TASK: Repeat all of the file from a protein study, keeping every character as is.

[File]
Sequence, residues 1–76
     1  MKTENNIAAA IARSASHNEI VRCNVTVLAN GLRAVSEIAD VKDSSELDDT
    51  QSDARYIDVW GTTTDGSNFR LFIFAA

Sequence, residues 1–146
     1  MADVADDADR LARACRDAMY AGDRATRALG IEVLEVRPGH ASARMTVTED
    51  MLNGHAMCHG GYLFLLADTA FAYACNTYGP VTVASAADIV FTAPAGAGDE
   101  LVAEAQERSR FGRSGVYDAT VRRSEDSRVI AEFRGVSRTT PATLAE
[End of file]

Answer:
Sequence, residues 1–76
     1  MKTENNIAAA IARSASHNEI VRCNVTVLAN GLRAVSEIAD VKDSSELDDT
    51  QSDARYIDVW GTTTDGSNFR LFIFAA

Sequence, residues 1–146
     1  MADVADDADR LARACRDAMY AGDRATRALG IEVLEVRPGH ASARMTVTED
    51  MLNGHAMCHG GYLFLLADTA FAYACNTYGP VTVASAADIV FTAPAGAGDE
   101  LVAEAQERSR FGRSGVYDAT VRRSEDSRVI AEFRGVSRTT PATLAE